[tweetmeme source=”franscomputerservices” only_single=false]N.Y. Firm Faces Bankruptcy from $164,000 E-Banking Loss (Krebs on Security):
New York marketing firm that as recently as two weeks ago was preparing to be acquired now is facing bankruptcy from a computer virus infection that cost the company more than $164,000.
Ouch! That’s gotta hurt!
As Mrs. McCarthy found out the hard way, businesses do not enjoy the same protections that consumers have against online banking fraud. Most banks will work with commercial customers to try and reverse any fraudulent transfers, but the chances of that succeeding diminish rapidly after the first 24 hours following unauthorized activity. What’s more, banks are under no obligation to reimburse commercial customers victimized by cyber fraud.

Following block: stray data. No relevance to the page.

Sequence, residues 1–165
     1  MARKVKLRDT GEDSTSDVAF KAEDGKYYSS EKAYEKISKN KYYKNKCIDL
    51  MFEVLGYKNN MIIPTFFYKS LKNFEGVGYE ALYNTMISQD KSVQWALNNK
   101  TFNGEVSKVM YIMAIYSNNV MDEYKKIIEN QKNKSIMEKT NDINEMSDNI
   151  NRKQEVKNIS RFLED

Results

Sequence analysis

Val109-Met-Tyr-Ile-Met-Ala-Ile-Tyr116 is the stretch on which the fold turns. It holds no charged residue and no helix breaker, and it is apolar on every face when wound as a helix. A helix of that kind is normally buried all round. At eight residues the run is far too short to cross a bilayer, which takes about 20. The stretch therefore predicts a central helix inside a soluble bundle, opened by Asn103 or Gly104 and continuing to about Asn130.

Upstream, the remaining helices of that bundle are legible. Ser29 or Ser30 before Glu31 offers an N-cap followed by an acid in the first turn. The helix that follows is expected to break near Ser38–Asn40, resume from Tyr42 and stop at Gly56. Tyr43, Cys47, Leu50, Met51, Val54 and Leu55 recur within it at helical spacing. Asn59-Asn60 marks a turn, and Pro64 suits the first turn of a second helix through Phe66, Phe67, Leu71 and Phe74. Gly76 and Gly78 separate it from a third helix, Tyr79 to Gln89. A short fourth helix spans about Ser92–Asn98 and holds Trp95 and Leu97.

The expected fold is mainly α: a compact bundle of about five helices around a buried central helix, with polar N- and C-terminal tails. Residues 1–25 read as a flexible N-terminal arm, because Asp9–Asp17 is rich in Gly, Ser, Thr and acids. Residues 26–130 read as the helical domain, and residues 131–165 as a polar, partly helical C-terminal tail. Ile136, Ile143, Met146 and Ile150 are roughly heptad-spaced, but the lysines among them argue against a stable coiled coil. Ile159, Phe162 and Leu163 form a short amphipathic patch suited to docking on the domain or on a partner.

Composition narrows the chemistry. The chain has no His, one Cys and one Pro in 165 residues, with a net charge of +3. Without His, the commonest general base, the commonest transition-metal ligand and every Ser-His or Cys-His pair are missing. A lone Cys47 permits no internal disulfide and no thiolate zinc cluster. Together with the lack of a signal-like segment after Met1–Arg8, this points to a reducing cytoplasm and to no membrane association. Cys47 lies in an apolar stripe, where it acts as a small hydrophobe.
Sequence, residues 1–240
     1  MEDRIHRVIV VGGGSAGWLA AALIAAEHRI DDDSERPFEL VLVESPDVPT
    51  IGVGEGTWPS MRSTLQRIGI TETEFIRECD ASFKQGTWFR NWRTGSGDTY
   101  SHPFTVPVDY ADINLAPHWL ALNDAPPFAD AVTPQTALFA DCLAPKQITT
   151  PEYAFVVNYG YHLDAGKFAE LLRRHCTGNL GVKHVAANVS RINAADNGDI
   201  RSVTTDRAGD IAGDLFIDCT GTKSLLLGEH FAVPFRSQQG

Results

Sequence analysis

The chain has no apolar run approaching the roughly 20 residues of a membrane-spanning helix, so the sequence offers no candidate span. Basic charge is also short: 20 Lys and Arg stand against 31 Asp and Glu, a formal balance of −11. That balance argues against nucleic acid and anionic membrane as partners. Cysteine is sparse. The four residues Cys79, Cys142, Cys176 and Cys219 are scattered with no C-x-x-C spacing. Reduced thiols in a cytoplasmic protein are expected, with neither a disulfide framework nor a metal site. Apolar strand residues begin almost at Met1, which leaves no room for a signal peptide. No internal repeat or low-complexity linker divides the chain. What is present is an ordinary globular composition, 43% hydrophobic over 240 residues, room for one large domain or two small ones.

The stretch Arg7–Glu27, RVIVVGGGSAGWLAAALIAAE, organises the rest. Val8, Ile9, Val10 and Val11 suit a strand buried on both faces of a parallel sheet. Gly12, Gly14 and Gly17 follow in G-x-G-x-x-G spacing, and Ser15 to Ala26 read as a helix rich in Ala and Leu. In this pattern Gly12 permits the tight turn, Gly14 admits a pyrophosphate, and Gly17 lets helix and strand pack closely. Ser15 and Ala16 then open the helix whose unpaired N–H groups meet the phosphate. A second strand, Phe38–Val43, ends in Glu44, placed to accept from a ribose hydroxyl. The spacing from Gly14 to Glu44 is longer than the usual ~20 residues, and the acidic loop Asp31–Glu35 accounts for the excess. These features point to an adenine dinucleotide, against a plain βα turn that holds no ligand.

Check out what happened with the computer — not all that unusual of late for some folks.
[tweetmeme source=”franscomputerservices” only_single=false]Virus attack hits Vista machines, cripples university network (ZDNet Blogs):
A massive virus attack has hit the University of Exeter resulting in the entire network being shut down both by the virus and the network staff in an attempt to protect the infrastructure.
The virus hit the network on Monday and is still having major implications even now – two days later. According to the IT support email:
“…this is a completely new virus and we are the only organisation in the world to experience it. None of the mainstream virus software suppliers have seen this virus, and as such, there is no fix.”
Apparently, according to the article, this might not have happened if the administrators of the SUS (Software Updates Service) had auto-approved updates — in other words, might have been avoided if they had patched their Vista operating systems when Microsoft put out the patches for the vulnerability that allowed this to happen.
I would highly recommend that updates be installed ASAP in most cases.